Unlike implementing an ERP or CRM software solution for ERP or CRM, digital transformation involves a complete digitization of all business processes, the way you work and even the way you think. This requires an honest and critical examination of the existing structures of your company, in which the needs of employees and customers in particular must also be taken into account. For example, is there Routine tasks that can be automatedto relieve employees? How can I get employees excited about automation solutions and train them in how to use them? How can I improve communication and service with my customers? It is important to take stock and analyze all of the company's processes, to identify fields of action, to define clear goals for the digital transformation and only then to create the necessary digital infrastructure. A good and experienced consulting partner who knows your industry and at the same time has the necessary implementation knowledge can give you the food for thought you need to successfully set your company on the path to digital transformation.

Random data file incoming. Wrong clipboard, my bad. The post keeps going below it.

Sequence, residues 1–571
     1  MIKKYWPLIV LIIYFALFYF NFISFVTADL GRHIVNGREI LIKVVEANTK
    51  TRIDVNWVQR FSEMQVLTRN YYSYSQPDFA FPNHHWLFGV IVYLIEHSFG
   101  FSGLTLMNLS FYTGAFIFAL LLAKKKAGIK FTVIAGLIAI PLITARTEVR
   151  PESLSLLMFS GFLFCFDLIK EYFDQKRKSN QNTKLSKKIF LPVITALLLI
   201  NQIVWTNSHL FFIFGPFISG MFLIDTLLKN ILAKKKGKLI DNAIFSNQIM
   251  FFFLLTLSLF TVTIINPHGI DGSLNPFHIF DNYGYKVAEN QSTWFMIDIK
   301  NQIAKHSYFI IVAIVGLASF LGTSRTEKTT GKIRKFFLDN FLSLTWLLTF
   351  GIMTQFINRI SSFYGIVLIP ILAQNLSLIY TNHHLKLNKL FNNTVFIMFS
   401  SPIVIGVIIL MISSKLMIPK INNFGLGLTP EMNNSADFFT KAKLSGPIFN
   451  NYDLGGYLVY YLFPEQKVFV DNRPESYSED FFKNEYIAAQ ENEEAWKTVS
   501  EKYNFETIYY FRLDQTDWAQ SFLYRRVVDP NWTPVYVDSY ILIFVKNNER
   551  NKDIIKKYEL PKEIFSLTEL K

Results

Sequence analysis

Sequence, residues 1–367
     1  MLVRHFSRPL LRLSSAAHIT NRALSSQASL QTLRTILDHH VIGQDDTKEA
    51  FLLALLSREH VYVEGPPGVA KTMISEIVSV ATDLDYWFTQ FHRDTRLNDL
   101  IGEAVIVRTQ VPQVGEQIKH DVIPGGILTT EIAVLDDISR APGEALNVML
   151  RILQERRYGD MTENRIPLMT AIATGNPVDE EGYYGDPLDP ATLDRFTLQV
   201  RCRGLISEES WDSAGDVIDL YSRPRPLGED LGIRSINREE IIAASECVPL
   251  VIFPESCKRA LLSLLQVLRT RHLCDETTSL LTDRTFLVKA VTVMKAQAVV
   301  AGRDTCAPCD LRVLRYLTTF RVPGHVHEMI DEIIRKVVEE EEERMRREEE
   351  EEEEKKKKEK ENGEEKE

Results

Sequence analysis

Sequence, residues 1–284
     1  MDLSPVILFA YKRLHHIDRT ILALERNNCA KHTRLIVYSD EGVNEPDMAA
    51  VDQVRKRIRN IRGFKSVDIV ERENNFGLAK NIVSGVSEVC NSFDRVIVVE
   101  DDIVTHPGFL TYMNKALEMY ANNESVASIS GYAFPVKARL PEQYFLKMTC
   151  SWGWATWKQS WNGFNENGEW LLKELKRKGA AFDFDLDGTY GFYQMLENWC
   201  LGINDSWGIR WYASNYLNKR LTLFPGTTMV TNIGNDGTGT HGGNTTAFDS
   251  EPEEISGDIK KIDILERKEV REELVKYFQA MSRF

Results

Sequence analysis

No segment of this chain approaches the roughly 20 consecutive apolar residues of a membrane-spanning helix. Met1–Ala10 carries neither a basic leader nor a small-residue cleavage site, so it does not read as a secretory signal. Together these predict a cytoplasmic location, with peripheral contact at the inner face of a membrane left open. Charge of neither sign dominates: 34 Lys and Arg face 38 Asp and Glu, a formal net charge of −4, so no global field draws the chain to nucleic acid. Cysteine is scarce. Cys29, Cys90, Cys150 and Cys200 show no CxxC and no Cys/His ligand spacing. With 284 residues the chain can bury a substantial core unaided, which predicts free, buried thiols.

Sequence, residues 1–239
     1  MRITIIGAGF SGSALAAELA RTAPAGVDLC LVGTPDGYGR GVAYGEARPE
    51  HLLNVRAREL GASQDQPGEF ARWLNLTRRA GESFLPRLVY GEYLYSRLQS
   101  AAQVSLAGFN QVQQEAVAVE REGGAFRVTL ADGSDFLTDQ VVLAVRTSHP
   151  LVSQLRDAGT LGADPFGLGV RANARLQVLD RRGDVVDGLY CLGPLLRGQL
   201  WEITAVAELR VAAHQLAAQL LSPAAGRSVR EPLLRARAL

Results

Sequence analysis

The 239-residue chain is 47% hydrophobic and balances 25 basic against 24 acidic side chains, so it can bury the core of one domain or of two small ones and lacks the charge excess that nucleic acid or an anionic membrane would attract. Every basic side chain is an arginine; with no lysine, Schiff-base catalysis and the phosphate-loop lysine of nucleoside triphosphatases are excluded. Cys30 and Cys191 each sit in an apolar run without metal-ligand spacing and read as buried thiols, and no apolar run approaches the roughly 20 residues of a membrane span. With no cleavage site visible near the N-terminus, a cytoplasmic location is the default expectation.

Why is a rethink so important?